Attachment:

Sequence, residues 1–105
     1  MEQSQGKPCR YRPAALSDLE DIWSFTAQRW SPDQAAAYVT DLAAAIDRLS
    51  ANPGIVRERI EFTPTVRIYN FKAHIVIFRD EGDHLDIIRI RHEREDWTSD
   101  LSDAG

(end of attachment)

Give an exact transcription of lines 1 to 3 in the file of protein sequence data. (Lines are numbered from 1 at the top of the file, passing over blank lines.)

Sequence, residues 1–105
     1  MEQSQGKPCR YRPAALSDLE DIWSFTAQRW SPDQAAAYVT DLAAAIDRLS
    51  ANPGIVRERI EFTPTVRIYN FKAHIVIFRD EGDHLDIIRI RHEREDWTSD